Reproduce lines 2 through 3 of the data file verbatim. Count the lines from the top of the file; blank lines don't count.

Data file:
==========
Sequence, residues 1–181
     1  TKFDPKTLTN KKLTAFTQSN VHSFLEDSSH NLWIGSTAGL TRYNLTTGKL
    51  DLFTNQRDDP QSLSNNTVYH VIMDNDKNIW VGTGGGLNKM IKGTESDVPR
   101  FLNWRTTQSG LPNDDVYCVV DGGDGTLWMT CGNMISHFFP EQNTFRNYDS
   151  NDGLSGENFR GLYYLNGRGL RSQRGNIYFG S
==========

     1  TKFDPKTLTN KKLTAFTQSN VHSFLEDSSH NLWIGSTAGL TRYNLTTGKL
    51  DLFTNQRDDP QSLSNNTVYH VIMDNDKNIW VGTGGGLNKM IKGTESDVPR